How to put out a kitchen fire
Share this informative article with your community to prevent holiday dinner disasters and reduce 911 calls
A generous thank you to Plano Fire Department Capt. Peggy Harrell for her contribution to this article.
By Shelbie Watts, FireRescue1 Editorial Assistant
Thanksgiving is upon us, which means turkey, stuffing and kitchen fires—a lot of kitchen fires. In fact, there are so many dinner disasters that Turkey Day is the peak day for home cooking blazes, according to the NFPA.
In an effort to keep your community safe, Plano Fire Department Capt. Peggy Harrell provided some tips on what residents should (and shouldn’t) do to prevent bad information and “fight or flight” instincts from creating a serious problem.
Microwave and oven fires
You can handle flames that erupt in your microwave or oven in three easy steps:
- Keep the door closed.
- Turn off the appliance (unplug it if you can).
- Let the fire burn out in the enclosed space.
Remember, no peeking!
“The fire went out because it ate up all the oxygen in the space, so we don’t want to open the door and feed it any more oxygen,” Harrell said.
According to Harrell, “just a little thought and action before you turn the heat on” can prevent a stovetop disaster.
“When you’re selecting the pot or pan you’ll be using to cook on your stovetop, also pull out the lid to the pot or pan, or a cookie sheet that is large enough to completely cover the pot or pan,” she said.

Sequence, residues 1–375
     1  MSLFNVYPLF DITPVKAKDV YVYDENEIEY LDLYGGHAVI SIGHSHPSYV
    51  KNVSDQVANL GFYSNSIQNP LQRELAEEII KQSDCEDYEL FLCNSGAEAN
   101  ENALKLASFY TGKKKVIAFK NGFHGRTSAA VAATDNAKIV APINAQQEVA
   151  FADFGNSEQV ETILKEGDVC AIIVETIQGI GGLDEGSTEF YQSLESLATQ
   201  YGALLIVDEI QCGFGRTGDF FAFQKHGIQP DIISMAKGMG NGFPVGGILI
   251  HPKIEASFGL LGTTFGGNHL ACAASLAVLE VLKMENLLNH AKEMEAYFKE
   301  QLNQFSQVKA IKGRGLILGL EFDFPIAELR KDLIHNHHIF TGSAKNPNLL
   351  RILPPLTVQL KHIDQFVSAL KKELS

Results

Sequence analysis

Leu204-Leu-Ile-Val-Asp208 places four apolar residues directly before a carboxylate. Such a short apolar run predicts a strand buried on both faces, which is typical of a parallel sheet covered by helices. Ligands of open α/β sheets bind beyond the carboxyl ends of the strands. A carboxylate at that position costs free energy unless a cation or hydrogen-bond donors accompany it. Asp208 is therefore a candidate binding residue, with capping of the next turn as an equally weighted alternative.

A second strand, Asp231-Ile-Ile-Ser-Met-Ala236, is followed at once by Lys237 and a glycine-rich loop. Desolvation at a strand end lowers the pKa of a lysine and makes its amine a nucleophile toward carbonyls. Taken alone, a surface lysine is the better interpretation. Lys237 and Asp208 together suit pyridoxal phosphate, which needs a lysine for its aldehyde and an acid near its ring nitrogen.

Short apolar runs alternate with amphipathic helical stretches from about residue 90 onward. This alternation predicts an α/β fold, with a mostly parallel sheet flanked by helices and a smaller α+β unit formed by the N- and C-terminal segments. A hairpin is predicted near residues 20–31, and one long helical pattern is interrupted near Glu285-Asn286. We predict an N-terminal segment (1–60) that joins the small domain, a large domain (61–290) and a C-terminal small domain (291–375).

If a fire starts, grab the lid or cookie sheet that you have handy and cover up the flames until they smother out.
Again, no peeking!
Oil or grease fires
Harrell said residents often experience an “adrenaline dump” when a kitchen fire occurs, and an oil or grease fire mixed with that adrenaline can cause problems if you try and move your pan or pot to the sink or outside. Your best bet is to not even try it, and instead:
- Cover the flames with a metal lid or cookie sheet. Leave the cover on until it has cooled.
- Turn off the heat source.
- If it’s small and manageable, pour baking soda or salt on it to smother the flames.
- As a last resort, spray the fire with a Class B dry chemical fire extinguisher.
Know when to call for help
“If a fire does occur while cooking, fighting it may not be the best plan of action,” Harrell said.
Ask yourself these questions to determine if you need to call 911:
- How large is the initial fire?
- How fast is the fire growing?
- What is feeding the fire?
- Will anything in the proximity of the fire feed it?
- Is anyone in the home that depends on you to evacuate?
“If any of these factors are in play and make the extinguishing part of the fire unrealistic or dangerous, just move quickly to call 911, alert others to get out, and assist those who need your help out,” Harrell said.
Next, read about how to prevent and put out a grease fire.